Sorry, boys and girls, but according to the headlines, Hello Kitty is not a cat. When the Inquisitr dug deeper, it was found that Hello Kitty isn’t a person either. She (we do know, at least, that Hello Kitty is female) is the “personification of a cat,” say her curators.
These revelations, no matter how accidental, have thrust Hello Kitty out of the closet. She’s not a cat, she’s not a person, she’s somewhere in-between. She’s what’s commonly called an “anthromorph.”
For centuries, anthromorphs were a part of human culture that was accepted and even revered. To be an anthromorph was, in many cultures, to be a god. Now, of course, most anthromorphs like Hello Kitty must hang in the shadows and keep quiet about their inclinations and lifestyle choices. Hello Kitty, who herself has not come forward to talk about her anthro-ality, has been thrust into the limelight. This time, it’s not for her latest gadget, newest fashion theme, or greatest toy release. Instead, it’s for something she has little control over, something that most say she was born with.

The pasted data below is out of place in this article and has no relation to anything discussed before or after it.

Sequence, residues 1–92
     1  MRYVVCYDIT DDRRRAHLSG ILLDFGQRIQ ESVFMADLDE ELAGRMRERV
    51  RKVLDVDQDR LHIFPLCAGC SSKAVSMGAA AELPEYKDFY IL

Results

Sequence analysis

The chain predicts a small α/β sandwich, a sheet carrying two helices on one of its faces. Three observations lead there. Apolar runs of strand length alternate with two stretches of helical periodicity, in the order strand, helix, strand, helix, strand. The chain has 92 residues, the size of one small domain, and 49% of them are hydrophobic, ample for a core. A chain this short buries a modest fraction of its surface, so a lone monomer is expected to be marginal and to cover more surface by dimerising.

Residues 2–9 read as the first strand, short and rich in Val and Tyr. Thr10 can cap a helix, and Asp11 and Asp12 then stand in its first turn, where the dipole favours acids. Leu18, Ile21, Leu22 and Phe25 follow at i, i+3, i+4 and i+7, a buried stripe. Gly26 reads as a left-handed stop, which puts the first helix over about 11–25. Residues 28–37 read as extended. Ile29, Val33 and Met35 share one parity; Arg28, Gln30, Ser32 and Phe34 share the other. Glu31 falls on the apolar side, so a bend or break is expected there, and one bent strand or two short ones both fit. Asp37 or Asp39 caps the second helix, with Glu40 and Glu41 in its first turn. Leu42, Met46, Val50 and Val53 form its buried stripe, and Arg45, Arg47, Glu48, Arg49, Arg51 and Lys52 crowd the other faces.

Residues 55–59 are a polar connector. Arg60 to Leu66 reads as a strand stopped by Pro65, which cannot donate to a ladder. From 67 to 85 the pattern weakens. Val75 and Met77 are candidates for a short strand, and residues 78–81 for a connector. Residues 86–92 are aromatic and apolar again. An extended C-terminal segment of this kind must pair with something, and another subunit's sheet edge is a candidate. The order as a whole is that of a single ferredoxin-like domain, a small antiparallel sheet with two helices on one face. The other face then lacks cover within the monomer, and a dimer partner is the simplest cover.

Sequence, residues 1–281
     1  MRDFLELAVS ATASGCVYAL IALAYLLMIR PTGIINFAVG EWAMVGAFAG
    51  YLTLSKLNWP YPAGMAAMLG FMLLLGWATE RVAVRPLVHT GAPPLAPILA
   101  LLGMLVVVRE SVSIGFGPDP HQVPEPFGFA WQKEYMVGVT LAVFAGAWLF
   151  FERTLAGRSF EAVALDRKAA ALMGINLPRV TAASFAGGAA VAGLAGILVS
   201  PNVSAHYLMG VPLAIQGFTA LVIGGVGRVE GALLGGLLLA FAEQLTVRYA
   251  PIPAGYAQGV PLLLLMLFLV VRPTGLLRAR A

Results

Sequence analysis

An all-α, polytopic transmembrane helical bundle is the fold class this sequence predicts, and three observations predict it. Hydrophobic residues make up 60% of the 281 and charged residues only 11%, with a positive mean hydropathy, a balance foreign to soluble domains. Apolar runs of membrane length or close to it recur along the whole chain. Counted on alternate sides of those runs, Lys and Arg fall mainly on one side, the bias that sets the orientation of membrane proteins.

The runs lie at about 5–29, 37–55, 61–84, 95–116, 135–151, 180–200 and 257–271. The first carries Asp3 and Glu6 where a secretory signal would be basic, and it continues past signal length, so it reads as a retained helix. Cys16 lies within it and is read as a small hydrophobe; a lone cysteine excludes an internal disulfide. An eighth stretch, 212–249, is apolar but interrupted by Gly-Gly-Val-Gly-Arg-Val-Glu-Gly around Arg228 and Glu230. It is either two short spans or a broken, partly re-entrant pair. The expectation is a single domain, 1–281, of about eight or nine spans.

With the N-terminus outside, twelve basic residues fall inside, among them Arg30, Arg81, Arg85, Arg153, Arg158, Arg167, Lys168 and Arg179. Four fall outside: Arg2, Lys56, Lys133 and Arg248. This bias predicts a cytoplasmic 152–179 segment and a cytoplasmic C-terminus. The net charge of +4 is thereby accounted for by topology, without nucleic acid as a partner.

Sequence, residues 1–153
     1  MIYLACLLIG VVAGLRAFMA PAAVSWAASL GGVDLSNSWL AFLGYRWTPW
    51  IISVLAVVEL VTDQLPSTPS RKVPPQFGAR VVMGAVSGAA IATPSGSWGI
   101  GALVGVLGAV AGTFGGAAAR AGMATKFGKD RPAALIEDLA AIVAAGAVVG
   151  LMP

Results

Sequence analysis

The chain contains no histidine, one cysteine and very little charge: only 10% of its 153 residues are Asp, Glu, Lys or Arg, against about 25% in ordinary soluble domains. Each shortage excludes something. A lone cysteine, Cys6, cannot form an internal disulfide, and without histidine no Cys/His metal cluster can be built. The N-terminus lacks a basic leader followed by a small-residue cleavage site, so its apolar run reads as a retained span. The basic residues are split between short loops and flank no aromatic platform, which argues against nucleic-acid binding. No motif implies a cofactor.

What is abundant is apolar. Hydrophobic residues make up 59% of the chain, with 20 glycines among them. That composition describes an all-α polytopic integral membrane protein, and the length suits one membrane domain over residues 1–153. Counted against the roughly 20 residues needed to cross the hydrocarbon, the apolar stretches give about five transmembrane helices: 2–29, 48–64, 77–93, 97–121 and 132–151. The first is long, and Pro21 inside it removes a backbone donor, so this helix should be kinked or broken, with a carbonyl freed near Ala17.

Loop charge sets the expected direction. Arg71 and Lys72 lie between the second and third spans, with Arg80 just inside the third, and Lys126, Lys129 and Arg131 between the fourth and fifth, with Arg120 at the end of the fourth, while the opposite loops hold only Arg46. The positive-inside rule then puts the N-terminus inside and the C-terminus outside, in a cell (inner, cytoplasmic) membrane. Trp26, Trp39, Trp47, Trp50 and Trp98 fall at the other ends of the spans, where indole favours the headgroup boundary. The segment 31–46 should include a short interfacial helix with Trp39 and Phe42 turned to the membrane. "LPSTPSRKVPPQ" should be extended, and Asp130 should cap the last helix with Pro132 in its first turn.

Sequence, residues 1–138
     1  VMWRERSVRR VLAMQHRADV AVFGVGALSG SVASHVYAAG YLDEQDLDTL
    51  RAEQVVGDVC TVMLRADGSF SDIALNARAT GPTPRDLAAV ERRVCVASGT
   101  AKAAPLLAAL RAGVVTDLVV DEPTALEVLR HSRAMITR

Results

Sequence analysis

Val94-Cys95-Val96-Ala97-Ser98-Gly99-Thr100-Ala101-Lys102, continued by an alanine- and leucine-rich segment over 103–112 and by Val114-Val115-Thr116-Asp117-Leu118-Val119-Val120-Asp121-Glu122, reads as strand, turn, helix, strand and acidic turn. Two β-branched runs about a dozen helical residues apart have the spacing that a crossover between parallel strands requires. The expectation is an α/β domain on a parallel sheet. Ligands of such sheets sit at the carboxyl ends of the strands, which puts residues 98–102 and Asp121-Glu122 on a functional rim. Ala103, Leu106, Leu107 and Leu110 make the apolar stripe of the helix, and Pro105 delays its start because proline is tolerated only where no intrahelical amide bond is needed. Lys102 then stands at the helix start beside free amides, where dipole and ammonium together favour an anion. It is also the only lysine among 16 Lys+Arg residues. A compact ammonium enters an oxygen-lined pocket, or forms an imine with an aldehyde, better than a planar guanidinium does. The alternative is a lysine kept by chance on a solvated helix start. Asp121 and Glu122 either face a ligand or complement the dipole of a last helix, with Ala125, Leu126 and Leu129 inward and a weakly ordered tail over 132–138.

The fact that Hello Kitty is an antrommorph would also explain why an academic specializing in anthropology, like Christine R. Yano, would be so interested in Hello Kitty. After all, this University of Hawaii scientist says she’s spent years studying Hello Kitty. Most would think this a joke, except now that we know Hello Kitty to be an anthromorph (as well as a trend-setter and social mover) it makes perfect sense.
In science, the phenomenon of anthromorphism comes from the Greek term “anthropos,” which is a mixture of “human” and “morphe,” usually describing a non-human object or animal.
As an anthromorph and as one of the most well-known and respected figures in fashion and toy making, Hello Kitty has an obligation to come forward and speak out for anthromorphs everywhere. Anthromorphs Unite!